Category: Personal Development

I Absolve You For Being Human

“I absolve you for being human!” That’s what my friend said to me when I told her of my mistake. “I absolve you for being human,” and then she added, “And you could absolve yourself, too!”

I try hard to get it right. I had tried hard for about 20 minutes to avoid this particular mistake, and I thought I had, but then someone pointed out to me that the very thing I had been trying to avoid had manifested just as I secretly feared it would.

I wonder if the fear of being judged for getting it wrong (especially in public) holds back many practitioners from putting themselves out there and making themselves more visible to potential clients. I know the idea is to stay hidden under the veil of being “the blank screen” onto which clients can project their view of the world, and so bring out their transference. But maybe there’s just a teensy little bit of fear that we might be seen as ordinary people; and then the truth would be out that we are really no different from those normal, mistake making mortals to whom we offer our help. If clients saw us in our true colours, if they knew how much of a mess we really are behind the role of the therapist, behind that convenient blank screen, maybe they wouldn’t be so quick to catch hold of the hope that we can offer them something more.

When that kind person brought to my attention that I had made a mistake, I immediately thought, “See, that’s what happens when you put yourself out there.” And the part of me that wants to live my life from the safety of the broom closet had her moment of victorious righteousness. But there’s a bigger, braver part of me that knows that that safety is an illusion. The bigger, braver part of me knows the truth of the saying, “It is better to have loved and lost, than never to have loved at all.” And that goes whether it’s love of another human being, or love of the enormous abundance of the world we inhabit.

So when my friend said, “I absolve you for being human,” it really hit home. The gift of humanity is that we always have a choice. We get to decide what we want. And I want more than brooms and dust pans. So I thanked her for her gift, and closed the door of the broom closet behind me as I left.

Our Time is Up!

Setting and holding firm boundaries is an important aspect of self care. It helps us to mind ourselves in the work, and reminds us that our needs are important too. It is also an important aspect of modelling for our clients. An ability to set and hold boundaries is an important skill in the business of having a therapy practice too, as it gives some priority to the therapist’s needs as well as the clients. If we can’t hold to the contracts we make, with ourselves and with others, we will find it difficult to earn a living as a therapist.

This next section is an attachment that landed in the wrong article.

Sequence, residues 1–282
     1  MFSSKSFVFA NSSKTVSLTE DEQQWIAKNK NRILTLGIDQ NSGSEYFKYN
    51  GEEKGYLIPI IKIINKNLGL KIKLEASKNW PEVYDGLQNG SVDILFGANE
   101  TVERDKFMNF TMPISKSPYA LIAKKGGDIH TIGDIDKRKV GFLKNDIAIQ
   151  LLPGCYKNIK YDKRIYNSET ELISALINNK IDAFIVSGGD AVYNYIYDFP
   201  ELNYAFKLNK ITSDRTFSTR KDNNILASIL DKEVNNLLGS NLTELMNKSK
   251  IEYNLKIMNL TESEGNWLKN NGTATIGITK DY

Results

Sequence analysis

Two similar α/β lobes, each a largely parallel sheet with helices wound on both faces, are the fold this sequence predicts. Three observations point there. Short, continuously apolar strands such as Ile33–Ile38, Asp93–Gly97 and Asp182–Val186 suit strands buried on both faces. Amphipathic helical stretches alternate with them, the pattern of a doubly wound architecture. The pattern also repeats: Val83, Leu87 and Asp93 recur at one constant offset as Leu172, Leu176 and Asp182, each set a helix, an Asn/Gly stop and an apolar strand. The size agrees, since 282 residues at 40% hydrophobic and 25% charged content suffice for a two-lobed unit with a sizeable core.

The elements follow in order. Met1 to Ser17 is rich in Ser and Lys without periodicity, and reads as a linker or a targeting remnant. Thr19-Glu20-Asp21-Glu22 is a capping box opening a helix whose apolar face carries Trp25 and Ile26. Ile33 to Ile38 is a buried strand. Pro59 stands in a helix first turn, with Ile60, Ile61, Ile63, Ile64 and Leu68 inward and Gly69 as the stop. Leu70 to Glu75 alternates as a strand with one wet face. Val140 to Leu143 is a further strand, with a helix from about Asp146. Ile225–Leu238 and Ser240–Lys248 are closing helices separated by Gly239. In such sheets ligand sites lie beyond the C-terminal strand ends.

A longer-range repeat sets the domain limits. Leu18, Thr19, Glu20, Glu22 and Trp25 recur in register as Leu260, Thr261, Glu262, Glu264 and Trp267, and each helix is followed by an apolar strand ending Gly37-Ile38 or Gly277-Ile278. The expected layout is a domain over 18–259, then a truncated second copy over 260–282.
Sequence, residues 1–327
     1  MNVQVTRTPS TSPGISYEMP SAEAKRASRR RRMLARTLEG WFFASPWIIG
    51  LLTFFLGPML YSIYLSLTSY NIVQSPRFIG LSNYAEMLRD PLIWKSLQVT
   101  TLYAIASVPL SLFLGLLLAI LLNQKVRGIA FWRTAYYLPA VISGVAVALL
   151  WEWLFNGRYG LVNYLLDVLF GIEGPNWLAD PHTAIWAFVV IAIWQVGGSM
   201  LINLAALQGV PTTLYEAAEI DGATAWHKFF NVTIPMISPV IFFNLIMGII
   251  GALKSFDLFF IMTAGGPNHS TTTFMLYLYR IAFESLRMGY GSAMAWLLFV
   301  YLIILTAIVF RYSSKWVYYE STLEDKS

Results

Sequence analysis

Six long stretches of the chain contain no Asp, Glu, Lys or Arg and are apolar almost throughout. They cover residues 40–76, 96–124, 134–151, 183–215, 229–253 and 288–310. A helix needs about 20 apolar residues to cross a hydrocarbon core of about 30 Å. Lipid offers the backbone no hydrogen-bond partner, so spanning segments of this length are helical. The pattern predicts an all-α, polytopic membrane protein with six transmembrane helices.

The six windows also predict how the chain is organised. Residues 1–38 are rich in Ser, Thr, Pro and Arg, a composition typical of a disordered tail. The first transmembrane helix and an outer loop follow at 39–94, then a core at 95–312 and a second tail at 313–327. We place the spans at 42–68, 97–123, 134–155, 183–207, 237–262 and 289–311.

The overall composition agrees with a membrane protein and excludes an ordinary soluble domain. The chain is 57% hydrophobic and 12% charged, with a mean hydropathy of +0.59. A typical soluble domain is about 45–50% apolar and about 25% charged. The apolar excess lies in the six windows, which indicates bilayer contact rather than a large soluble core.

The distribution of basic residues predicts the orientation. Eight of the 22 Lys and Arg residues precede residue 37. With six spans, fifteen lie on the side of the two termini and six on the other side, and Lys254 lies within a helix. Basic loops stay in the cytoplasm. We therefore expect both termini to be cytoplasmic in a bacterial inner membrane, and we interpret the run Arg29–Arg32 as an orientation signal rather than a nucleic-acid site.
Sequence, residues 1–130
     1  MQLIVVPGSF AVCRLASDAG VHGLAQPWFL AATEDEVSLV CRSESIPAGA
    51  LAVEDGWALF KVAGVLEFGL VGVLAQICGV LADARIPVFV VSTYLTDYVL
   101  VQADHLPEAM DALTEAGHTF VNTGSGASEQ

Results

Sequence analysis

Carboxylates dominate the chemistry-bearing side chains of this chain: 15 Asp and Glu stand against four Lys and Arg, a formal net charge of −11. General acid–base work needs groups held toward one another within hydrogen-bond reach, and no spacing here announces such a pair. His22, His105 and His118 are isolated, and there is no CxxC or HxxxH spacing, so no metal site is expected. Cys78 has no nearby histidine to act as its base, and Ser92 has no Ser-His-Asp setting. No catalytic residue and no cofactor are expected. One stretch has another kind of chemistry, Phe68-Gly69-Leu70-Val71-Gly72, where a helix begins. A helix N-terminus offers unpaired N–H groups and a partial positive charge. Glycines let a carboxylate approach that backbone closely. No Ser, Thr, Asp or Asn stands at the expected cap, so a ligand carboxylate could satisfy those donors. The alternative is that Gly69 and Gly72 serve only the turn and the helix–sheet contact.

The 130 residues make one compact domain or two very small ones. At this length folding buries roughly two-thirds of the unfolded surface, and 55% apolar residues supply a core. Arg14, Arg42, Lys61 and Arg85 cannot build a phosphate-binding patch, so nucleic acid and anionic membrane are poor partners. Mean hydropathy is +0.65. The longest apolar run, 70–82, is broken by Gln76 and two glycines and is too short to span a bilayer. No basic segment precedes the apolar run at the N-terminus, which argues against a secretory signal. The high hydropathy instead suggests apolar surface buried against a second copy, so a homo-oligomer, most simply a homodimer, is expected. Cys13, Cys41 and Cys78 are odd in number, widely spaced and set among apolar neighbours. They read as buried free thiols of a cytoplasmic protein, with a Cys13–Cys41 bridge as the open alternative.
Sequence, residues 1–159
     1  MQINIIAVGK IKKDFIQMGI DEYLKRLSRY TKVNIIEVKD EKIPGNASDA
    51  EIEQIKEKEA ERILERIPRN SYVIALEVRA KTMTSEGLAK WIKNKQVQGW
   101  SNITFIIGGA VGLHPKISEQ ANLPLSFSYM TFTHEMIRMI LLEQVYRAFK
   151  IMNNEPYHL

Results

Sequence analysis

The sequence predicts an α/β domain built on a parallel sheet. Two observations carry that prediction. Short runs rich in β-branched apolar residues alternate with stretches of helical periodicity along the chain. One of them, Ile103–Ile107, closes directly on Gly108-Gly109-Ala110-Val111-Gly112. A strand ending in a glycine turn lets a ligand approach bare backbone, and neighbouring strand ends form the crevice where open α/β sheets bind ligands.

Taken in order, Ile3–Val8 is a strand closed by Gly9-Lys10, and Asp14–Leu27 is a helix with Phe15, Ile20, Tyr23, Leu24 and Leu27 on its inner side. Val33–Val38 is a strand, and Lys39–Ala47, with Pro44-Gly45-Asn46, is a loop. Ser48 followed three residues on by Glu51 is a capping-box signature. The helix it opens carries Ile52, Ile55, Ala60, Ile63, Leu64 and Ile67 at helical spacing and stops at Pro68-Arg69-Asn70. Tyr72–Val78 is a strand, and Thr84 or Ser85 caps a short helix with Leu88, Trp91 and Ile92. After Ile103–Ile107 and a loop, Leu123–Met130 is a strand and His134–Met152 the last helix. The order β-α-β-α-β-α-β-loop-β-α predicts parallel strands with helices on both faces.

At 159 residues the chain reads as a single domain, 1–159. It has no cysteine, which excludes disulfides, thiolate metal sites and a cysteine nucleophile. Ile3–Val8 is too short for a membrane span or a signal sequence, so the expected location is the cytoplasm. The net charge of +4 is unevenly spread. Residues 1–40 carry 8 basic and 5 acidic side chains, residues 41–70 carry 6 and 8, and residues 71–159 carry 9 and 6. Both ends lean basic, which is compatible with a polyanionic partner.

Time business concept.One place in which these boundaries arise is in relation to time. A colleague told me recently of her difficulty getting one particular client to leave at the end of their sessions. She had raised the issue several times with the client, and in supervision, but nothing seemed to work.

What would you do? Read more

Have You Enough Support for Your Business?

I was a bit taken aback when a colleague suggested to me during the week that what I was really looking for was support. After all, I teach this stuff, don’t I? As a therapist, I provide support for my clients, usually emotional support, and sometimes the more practical support of looking at resourcing or problem solving. In this role, I write and teach others about the business of therapy. Need support? Moi?

As you can guess from my reaction, I can be touchy about allowing others to support me. Anyone who knows me at all, knows that I am independent, self-sufficient and like to be able to fend for myself in all situations. I hate it when there’s something I can’t do! Needing support conjures up shame for me, and that’s not a place I like to visit unless I have to.

supportNow in general, this independence is a very useful trait. If something needs doing, and I think I have any chance of doing it myself, I’ll have a go. I can do many things well, and a few things really, really well. I’m enthusiastic and willing. I’m what Jane Austen refers to as an ‘active, useful sort of person[1]. As a result, I have skills and abilities galore. But there’s one thing I can’t do for myself no matter how hard I try.

I can’t see my own blind spots. And a major blind spot for me is that I get caught between those twin horns of wanting to sort things out for myself on the one hand, and being a therapist on the other. Read more

Setting up a Private Practice

Are you thinking of starting your own practice as a counsellor or psychotherapist? This workshop will help you get off the ground.

Looking at the practical issues related to setting up a private professional practice such as

  • Clarifying the type of practice you would like to create
  • Exploring the services you might provide, and the clients you might like to attract
  • Looking at how to market your services
  • Understanding what is needed to start a business

this workshop is an opportunity to spend some time networking with other health professionals while you learn from experienced professionals who have done it before you.

A one day workshop  presented by Jude Fay MIAHIP MIACP and Dr Genevieve Becker.

Date: Autumn 2013

Venue: Dublin West

Time: 9.30 to 4.30

Read more…